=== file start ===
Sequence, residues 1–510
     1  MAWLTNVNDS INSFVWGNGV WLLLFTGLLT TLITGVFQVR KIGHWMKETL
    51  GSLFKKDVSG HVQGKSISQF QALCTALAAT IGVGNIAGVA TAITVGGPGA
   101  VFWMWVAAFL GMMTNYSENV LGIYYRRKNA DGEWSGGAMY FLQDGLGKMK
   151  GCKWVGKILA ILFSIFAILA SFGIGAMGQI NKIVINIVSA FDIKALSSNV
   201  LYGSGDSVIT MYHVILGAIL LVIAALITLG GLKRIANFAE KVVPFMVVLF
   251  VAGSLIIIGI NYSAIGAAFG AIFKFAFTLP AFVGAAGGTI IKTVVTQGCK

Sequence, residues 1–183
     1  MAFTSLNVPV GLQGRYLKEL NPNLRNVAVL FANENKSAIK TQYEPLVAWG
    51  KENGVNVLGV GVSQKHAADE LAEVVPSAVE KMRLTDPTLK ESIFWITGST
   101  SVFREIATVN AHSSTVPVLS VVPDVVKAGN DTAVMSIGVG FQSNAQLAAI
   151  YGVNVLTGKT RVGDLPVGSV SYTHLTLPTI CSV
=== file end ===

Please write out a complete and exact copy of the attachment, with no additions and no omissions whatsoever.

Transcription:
Sequence, residues 1–510
     1  MAWLTNVNDS INSFVWGNGV WLLLFTGLLT TLITGVFQVR KIGHWMKETL
    51  GSLFKKDVSG HVQGKSISQF QALCTALAAT IGVGNIAGVA TAITVGGPGA
   101  VFWMWVAAFL GMMTNYSENV LGIYYRRKNA DGEWSGGAMY FLQDGLGKMK
   151  GCKWVGKILA ILFSIFAILA SFGIGAMGQI NKIVINIVSA FDIKALSSNV
   201  LYGSGDSVIT MYHVILGAIL LVIAALITLG GLKRIANFAE KVVPFMVVLF
   251  VAGSLIIIGI NYSAIGAAFG AIFKFAFTLP AFVGAAGGTI IKTVVTQGCK

Sequence, residues 1–183
     1  MAFTSLNVPV GLQGRYLKEL NPNLRNVAVL FANENKSAIK TQYEPLVAWG
    51  KENGVNVLGV GVSQKHAADE LAEVVPSAVE KMRLTDPTLK ESIFWITGST
   101  SVFREIATVN AHSSTVPVLS VVPDVVKAGN DTAVMSIGVG FQSNAQLAAI
   151  YGVNVLTGKT RVGDLPVGSV SYTHLTLPTI CSV